Column #068. First published in the St. Cloud Times Mar. 26, 2013
Columnists sometimes feel like what President Harry Truman said about President-elect Dwight Eisenhower, moving from Army chain of command to political tangle: “He’ll sit here and he’ll say, ‘Do this! Do that!’ And nothing will happen.”
Often we offer our opinions, even our advice, hoping to have a detectable effect — and nothing happens. But sometimes it does. And that is why we write — to motivate people to advocate for positive change.
In May, I wrote about human trafficking, a worldwide scourge from which Minnesota is not exempt.
In December, I wrote about homelessness, and noted the Interfaith Children’s Advocacy Network — whose advisory council I chair and which represents religious communities (Christian, Jewish, and Muslim) that include 80 percent of Minnesotans who claim a religious identity — had among its 2013 legislative policy recommendations the passage of the Family Economic Security Act to enhance earnings for low-income parents.
Here it is March, and moving forward in the Legislature are bills dealing with these very issues.
Senate File 384/House File 485, the “Safe Harbor — No Wrong Door” bill, would improve the Safe Harbor Act, signed by Gov. Mark Dayton in 2011, by appropriating $13 million over two years to form a network of specialized victim services, including case management, housing, health care, language interpretation and legal services. Additionally, receipt of services would not be conditioned on victims’ nationality, immigration status, or participation in investigating the traffickers. Finally, the upper age of trafficked minors treated as victims, not offenders, would go from 15 to 17.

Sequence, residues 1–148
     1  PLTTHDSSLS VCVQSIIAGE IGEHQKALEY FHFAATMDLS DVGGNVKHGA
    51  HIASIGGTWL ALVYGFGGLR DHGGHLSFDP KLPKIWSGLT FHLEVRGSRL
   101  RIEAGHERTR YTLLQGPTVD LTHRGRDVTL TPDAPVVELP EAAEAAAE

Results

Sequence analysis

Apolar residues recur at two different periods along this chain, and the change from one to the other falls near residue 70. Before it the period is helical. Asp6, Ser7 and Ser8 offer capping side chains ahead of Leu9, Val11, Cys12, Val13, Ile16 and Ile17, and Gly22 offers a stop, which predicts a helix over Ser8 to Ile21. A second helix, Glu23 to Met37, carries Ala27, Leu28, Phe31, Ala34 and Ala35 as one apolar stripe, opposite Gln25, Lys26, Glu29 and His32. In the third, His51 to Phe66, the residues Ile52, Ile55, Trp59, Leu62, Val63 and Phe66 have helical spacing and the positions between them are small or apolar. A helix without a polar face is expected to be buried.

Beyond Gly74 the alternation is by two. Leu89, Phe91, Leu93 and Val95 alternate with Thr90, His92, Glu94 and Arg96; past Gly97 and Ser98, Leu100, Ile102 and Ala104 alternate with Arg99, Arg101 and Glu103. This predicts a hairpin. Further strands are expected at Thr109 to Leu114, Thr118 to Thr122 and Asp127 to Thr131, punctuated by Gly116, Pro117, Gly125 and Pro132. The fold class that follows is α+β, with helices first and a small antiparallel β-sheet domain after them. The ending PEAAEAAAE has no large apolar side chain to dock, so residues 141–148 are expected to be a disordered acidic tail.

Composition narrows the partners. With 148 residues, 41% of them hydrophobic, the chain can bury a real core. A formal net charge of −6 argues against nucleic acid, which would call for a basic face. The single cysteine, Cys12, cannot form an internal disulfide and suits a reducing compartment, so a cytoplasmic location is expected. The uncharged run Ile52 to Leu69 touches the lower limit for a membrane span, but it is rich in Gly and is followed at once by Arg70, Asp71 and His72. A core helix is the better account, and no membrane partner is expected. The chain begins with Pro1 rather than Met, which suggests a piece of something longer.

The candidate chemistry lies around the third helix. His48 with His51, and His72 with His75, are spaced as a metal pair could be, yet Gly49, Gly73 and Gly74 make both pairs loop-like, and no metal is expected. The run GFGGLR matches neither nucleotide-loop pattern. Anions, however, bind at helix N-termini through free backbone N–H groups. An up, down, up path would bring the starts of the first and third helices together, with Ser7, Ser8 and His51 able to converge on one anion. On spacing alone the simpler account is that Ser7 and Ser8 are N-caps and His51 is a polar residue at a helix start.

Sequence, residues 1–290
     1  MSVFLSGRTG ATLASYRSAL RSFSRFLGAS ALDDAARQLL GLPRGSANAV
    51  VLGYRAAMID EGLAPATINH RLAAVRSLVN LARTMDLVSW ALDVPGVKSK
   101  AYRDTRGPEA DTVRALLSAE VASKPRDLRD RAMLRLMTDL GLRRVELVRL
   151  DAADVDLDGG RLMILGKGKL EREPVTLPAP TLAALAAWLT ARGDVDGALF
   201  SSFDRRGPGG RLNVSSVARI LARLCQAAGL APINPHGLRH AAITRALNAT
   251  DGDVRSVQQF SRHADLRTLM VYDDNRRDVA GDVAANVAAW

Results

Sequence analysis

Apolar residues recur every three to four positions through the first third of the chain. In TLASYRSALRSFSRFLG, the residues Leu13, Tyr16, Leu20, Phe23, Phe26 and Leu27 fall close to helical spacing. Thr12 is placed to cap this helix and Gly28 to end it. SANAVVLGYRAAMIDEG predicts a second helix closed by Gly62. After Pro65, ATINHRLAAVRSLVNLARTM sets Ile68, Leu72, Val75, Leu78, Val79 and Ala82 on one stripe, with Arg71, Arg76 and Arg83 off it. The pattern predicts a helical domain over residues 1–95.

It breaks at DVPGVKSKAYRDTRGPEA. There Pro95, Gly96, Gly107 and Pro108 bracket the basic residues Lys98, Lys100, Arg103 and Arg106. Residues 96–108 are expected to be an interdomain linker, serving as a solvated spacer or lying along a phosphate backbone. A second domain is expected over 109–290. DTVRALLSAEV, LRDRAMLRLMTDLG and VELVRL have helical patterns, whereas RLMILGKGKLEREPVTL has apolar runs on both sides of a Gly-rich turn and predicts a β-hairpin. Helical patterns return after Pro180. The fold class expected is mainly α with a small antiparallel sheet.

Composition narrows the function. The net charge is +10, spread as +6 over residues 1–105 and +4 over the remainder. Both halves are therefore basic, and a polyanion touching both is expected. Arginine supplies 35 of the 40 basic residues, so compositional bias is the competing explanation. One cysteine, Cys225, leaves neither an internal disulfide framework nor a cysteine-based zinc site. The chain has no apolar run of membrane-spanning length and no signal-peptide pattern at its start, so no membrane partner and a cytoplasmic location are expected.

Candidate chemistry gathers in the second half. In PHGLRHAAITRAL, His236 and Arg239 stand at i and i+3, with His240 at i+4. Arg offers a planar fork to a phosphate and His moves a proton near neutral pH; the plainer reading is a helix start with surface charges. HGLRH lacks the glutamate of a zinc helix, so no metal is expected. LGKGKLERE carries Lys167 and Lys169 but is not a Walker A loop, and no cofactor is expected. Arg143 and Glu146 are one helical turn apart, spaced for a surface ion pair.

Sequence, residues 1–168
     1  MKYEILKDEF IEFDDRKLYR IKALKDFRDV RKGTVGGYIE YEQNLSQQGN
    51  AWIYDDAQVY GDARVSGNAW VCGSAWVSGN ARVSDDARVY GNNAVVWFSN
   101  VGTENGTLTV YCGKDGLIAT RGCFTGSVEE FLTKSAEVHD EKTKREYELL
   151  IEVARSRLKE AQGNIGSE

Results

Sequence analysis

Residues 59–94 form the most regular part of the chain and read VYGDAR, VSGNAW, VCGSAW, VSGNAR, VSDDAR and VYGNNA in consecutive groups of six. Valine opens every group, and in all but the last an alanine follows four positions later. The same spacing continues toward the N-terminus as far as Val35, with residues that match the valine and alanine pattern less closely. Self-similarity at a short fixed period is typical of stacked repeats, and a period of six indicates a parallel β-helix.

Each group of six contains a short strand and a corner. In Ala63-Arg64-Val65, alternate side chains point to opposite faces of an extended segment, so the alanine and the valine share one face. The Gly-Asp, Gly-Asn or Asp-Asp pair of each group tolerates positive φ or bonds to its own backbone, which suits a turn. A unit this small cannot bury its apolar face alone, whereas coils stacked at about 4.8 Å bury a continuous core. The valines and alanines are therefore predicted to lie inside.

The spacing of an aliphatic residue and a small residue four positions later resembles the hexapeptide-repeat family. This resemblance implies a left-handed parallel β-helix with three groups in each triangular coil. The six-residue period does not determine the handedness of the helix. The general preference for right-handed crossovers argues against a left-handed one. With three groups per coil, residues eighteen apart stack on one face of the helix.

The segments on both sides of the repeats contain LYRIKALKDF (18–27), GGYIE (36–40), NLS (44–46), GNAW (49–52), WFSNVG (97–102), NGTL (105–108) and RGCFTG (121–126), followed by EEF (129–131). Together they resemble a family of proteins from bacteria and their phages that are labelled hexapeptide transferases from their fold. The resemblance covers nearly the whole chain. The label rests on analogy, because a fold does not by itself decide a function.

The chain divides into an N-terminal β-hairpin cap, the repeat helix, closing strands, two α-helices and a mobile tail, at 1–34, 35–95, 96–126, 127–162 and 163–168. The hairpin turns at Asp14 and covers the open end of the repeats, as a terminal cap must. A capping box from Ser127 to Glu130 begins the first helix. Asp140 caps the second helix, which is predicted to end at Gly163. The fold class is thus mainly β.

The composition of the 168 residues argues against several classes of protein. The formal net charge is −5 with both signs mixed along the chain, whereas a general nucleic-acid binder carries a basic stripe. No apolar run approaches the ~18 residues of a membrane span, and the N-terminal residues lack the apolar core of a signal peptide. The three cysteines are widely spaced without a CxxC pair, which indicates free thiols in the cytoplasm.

The Family Economic Security Act (SF 390/HF 430) is based on the work of the bipartisan Legislative Commission to End Poverty. It would finally begin to deal with this staggering statistic: It costs a family of three (one adult and two children) about $46,000 a year to meet basic needs, yet a parent working full-time earning Minnesota’s minimum wage earns only $13,000 a year.
The Family Economic Security Act raises the minimum wage, phased in during two years, to $9.50 for large employers, $8.25 for small employers, and $7.50 for the training wage. Additionally, it institutes a state child tax credit of $100 a child annually and increases the Working Family Credit, as well as funding child care for working families up to 300 percent of the federal poverty guideline.
From the perspective of the interfaith network, the moral argument for this act is it improves the health and well-being of Minnesota children by increasing the economic security of their families. Catholics, Protestants, Jews and Muslims agree: To do good for children is a moral imperative.
But there is an economic argument as well. The Urban Institute simulated a proposal similar to the Act, and found:
- 287,000 fewer Minnesotans, including 89,000 children, living in or near poverty — a 27 percent decrease;
- 35,000 additional Minnesotans in the workforce;
- $2.6 billion in annual government savings;
- and $10 billion annual increase in net wages.
No more 'Can't do's
Paul Wellstone’s motto, “We all do better when we all do better,” is not just progressive politics. It’s sound economics.
Delving back even further into my columns, I wrote in April of 2011 in praise of the then-recent pastoral letter, “So you also should do,” by St. Cloud Bishop John F. Kinney. He draws on the rich tradition of Catholic social teaching, and much of what he says has direct bearing on what is before the Legislature.
While he acknowledges that we need to be charitable, the bishop forthrightly declares that “unjust wages” — the current minimum wage, he notes, does not provide a livable income — “lack of health care, inaccessible child care, unjust immigration laws, discrimination, unfair farm prices and policies, unaffordable housing, policies that disrupt family life and security — these and many other wrongs must be confronted on a policy level.”
For too many years we’ve been hearing from the Capitol about what Minnesota can’t do. Let your legislators know you want them to “do this” and “do that.” It’s time to see something happen.